The regime officials rejected portions of the incoming Biden team’s expressed approach to Iran and the nuclear deal. They supported “compliance for compliance” (both sides rejoining the JCPOA and fulfilling their commitments) but disagreed on sequencing. The Iranian leaders emphasized that the US must lift sanctions on Iran before it can rejoin the nuclear deal. They *added that a compliance for compliance approach would harm the regime unless economic relief comes first, specifying that Iran must be able to export oil, implement contracts with international firms, and normalize its banking ties abroad before it brings its nuclear activity back to compliance with the deal. Each official *rejected potential talks on Iran’s missile arsenal and regional activities. These statements contradict President-elect Joe Biden’s plan to rejoin the JCPOA “if Iran returns to strict compliance” and then pursue follow-on negotiations related to ballistic missiles and destabilizing behavior abroad. The advisers also stated that a step-by-step approach is not in Iran’s interest, indicating opposition to a “less for less” agreement, which would involve Iran scaling back some nuclear activities in exchange for partial economic relief.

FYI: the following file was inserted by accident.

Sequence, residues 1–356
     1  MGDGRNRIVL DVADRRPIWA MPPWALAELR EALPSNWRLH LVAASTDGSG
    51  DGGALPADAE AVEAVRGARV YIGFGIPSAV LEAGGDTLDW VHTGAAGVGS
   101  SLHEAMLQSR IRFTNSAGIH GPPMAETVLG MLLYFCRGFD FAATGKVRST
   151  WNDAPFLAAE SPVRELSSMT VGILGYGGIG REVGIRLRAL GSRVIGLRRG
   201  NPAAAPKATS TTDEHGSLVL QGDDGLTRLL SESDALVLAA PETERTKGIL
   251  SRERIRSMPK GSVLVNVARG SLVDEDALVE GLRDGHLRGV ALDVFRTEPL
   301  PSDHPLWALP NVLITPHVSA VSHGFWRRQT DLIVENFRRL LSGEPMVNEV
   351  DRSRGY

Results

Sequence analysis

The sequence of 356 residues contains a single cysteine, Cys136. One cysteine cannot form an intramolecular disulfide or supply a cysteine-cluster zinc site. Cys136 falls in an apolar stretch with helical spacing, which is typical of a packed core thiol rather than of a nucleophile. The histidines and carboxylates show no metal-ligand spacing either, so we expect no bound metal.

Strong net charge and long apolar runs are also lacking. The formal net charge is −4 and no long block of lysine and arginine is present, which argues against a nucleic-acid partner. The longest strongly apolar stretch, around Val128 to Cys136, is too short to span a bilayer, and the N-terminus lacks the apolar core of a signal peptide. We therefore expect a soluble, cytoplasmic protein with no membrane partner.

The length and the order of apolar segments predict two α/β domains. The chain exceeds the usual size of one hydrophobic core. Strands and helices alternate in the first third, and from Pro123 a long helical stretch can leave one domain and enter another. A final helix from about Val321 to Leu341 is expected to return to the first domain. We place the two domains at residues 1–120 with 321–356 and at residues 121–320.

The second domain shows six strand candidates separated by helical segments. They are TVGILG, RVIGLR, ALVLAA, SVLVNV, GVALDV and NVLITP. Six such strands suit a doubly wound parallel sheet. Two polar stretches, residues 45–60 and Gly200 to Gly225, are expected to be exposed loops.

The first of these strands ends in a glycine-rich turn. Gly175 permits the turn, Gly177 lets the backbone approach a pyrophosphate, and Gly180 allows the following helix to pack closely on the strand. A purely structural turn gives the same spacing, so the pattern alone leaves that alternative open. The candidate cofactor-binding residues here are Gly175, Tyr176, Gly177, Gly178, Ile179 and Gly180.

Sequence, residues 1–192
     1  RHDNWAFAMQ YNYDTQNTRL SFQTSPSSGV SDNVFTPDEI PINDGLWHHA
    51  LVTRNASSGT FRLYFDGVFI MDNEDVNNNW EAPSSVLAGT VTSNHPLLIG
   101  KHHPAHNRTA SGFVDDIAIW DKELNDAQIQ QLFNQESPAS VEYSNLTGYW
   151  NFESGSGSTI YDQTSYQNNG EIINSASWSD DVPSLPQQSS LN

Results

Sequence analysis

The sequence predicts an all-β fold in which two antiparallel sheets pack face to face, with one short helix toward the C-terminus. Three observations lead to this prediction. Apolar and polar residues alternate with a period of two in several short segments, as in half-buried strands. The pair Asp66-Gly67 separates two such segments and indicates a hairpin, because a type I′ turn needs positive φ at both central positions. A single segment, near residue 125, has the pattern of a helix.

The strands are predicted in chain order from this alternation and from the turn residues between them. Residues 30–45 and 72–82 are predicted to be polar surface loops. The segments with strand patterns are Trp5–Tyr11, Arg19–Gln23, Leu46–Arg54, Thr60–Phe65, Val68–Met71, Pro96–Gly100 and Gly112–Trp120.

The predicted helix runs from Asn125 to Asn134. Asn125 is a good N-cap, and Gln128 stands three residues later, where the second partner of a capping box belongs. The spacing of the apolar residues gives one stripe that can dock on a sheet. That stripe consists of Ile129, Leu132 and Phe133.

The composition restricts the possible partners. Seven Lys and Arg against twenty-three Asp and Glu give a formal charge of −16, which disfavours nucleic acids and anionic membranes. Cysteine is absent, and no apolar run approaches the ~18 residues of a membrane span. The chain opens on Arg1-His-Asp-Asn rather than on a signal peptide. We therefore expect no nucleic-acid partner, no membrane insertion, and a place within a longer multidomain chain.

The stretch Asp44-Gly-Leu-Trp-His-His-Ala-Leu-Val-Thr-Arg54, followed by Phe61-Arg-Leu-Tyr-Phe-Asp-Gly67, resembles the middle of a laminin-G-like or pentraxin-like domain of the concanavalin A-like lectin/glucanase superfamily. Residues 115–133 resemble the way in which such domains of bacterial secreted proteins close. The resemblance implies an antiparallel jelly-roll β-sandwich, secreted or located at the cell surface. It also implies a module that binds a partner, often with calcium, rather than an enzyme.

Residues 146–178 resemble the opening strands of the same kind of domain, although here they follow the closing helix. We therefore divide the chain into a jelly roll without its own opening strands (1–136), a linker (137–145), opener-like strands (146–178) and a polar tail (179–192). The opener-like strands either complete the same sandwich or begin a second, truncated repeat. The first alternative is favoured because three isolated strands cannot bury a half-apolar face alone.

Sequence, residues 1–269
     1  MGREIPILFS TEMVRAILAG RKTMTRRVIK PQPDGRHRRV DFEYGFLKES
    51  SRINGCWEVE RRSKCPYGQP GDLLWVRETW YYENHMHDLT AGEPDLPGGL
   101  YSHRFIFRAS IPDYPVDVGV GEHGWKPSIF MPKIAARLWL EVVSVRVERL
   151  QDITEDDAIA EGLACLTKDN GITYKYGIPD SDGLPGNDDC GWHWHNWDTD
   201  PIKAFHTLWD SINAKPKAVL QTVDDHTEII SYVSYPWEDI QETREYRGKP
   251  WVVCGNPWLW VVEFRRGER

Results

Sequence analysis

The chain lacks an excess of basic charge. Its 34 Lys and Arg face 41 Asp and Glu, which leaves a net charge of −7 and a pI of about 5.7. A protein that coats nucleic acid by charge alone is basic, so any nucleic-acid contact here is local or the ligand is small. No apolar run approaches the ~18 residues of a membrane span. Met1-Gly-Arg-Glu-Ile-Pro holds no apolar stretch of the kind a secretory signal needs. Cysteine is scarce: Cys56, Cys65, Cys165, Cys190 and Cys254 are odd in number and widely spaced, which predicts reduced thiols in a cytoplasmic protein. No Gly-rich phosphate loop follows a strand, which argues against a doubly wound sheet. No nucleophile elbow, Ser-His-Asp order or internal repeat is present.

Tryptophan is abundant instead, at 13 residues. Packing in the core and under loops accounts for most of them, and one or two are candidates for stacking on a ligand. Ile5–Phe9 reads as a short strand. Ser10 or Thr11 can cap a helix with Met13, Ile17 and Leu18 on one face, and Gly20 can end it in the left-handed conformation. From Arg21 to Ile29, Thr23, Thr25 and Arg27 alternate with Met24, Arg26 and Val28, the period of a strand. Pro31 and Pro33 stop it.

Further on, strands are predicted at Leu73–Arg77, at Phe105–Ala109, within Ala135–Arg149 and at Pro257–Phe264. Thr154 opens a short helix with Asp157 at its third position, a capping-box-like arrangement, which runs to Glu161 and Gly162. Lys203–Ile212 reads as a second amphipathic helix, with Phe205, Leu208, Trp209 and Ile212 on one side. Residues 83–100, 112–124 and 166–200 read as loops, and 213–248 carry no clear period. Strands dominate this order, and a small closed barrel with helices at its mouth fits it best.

The regime officials made three demands in excess of what the JCPOA provides Iran. The advisers stated that sanctions relief must extend to nonnuclear designations imposed by the Trump administration related to human rights and terrorism, such as those on Iran’s Central Bank and Oil Ministry. They stated that the US must provide reparations for sanctions’ economic impact. Supreme Leader International Affairs Adviser *Ali Akbar Velayati called for removing the JCPOA’s “snapback” provision, the UN mechanism enabling any signatory to unilaterally reimpose international sanctions on Iran.